Publisher: DC Comics
Writer: Joshua Williamson
Artist: Carmine Di Giandomenico, Ivan Plascencia (Colours), Steve Wands (Letters)
Release Date: 31st May 2017
Boy, The Flash sure has a lot to deal with at the moment. Even taking the events of ‘The Button’ out of the equation, there’s still a laundry list of problems Barry is having to take care of whilst maintaining the unwavering optimism he’s increasingly shown over the course of Joshua Williamson’s ever-improving run.
‘The Colour of Fear’ is an entirely appropriate title for this new arc on multiple levels. Most importantly it speaks to the various shades of problem our hero currently faces, from more serviceable issues like whether to reveal his secret identity to Iris, and the subsequent problems with Wally, to the pervasive threat of Eobard Thawne; one that even death can’t seem to quell.
It’s also fitting that the Green Lantern makes an appearance, not only because he knows first-hand ‘the colour of fear’, but that he shares many similarities with The Flash, and might provide a reminder at this testing time that hope can indeed conquer fear. In fact, until Hal makes his appearance (neatly enveloped in a subtle green hue by Ivan Plascencia), there’s a real sense that our hero may collapse under the strain.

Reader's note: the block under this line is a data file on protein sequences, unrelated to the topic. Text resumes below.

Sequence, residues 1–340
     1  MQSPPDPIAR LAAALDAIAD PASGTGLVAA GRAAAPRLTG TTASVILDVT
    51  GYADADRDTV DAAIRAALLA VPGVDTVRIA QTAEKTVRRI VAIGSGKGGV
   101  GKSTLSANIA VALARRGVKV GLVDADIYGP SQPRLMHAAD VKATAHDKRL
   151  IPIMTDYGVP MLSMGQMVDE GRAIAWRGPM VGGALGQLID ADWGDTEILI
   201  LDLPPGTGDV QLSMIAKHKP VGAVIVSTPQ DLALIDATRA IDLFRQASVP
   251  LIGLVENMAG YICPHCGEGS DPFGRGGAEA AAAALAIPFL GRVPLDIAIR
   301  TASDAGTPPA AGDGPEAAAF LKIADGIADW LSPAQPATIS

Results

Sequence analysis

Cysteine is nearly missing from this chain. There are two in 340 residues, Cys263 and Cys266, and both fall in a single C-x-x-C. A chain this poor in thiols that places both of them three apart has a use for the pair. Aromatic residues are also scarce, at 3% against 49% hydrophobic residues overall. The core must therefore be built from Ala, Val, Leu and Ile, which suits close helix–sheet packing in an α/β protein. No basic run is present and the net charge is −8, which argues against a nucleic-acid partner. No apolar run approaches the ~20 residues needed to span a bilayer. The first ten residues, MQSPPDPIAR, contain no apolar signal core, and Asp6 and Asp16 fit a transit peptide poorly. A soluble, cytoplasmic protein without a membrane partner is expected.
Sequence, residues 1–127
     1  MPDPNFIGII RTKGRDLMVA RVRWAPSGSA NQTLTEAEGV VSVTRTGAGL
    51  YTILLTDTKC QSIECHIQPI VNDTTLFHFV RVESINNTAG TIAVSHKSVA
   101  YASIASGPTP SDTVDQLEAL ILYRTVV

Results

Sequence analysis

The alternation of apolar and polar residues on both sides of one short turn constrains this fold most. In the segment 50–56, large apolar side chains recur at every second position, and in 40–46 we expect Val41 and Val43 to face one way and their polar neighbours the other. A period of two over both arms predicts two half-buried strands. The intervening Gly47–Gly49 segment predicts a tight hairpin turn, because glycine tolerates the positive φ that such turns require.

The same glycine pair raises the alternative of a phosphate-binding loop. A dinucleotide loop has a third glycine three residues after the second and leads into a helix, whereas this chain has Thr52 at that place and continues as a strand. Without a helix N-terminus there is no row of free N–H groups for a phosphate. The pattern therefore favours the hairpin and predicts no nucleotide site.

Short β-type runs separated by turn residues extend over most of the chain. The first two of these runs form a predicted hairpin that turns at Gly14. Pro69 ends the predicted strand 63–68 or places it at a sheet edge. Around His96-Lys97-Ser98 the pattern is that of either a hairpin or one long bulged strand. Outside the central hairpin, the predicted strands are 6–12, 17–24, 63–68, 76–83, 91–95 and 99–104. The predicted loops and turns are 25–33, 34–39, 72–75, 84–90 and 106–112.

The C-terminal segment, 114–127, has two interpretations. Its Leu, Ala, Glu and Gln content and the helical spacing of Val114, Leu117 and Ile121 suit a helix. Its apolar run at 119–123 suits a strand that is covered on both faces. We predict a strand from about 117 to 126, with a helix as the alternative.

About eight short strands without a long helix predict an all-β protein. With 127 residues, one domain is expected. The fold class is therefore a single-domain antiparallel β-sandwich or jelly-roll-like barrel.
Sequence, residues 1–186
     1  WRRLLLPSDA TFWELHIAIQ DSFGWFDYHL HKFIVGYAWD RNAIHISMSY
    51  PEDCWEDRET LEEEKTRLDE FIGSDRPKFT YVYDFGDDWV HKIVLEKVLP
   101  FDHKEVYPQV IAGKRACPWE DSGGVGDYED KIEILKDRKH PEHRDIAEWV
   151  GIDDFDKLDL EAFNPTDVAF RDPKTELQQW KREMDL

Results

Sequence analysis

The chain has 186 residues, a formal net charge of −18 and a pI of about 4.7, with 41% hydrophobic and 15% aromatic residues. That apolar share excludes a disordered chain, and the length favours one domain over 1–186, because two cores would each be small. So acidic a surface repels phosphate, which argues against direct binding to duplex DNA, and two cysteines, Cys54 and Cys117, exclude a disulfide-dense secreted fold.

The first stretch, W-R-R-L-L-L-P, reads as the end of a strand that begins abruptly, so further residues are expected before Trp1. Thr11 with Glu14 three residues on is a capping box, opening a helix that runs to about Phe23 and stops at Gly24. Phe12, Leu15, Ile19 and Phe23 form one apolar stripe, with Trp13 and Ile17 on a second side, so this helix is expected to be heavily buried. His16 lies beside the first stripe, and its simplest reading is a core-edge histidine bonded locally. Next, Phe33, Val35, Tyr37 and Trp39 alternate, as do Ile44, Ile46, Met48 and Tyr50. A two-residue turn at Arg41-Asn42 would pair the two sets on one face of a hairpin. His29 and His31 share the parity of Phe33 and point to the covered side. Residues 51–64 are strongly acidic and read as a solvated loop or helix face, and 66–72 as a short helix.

Joshua Williamson is certainly laying it on thick, and you can practically feel the weight of the world on Barry’s shoulders in those first few pages. His expressions and body language are acutely visualised by Carmine Di Giandomenico, who despite a few compositional niggles, continues to deliver a very high standard of work overall. There is also some clever use of text placement by letterer Steve Wands, which offers further insight into Barry’s troubled state of mind.
Most impressive, however, is the way in which Williamson has been able to bring each of Barry’s problems to bear whilst sustaining cohesive, complementary narratives. And given the mouth-watering opening hook, it’s clear the foundations have been laid for another hugely enjoyable romp with the ‘Scarlet Speedster’. The big question is whether or not he can emerge from this period of adversity with his optimism intact.
[Click to Enlarge]
The Writer of this piece was: Martin Doyle
You can follow Martin on Twitter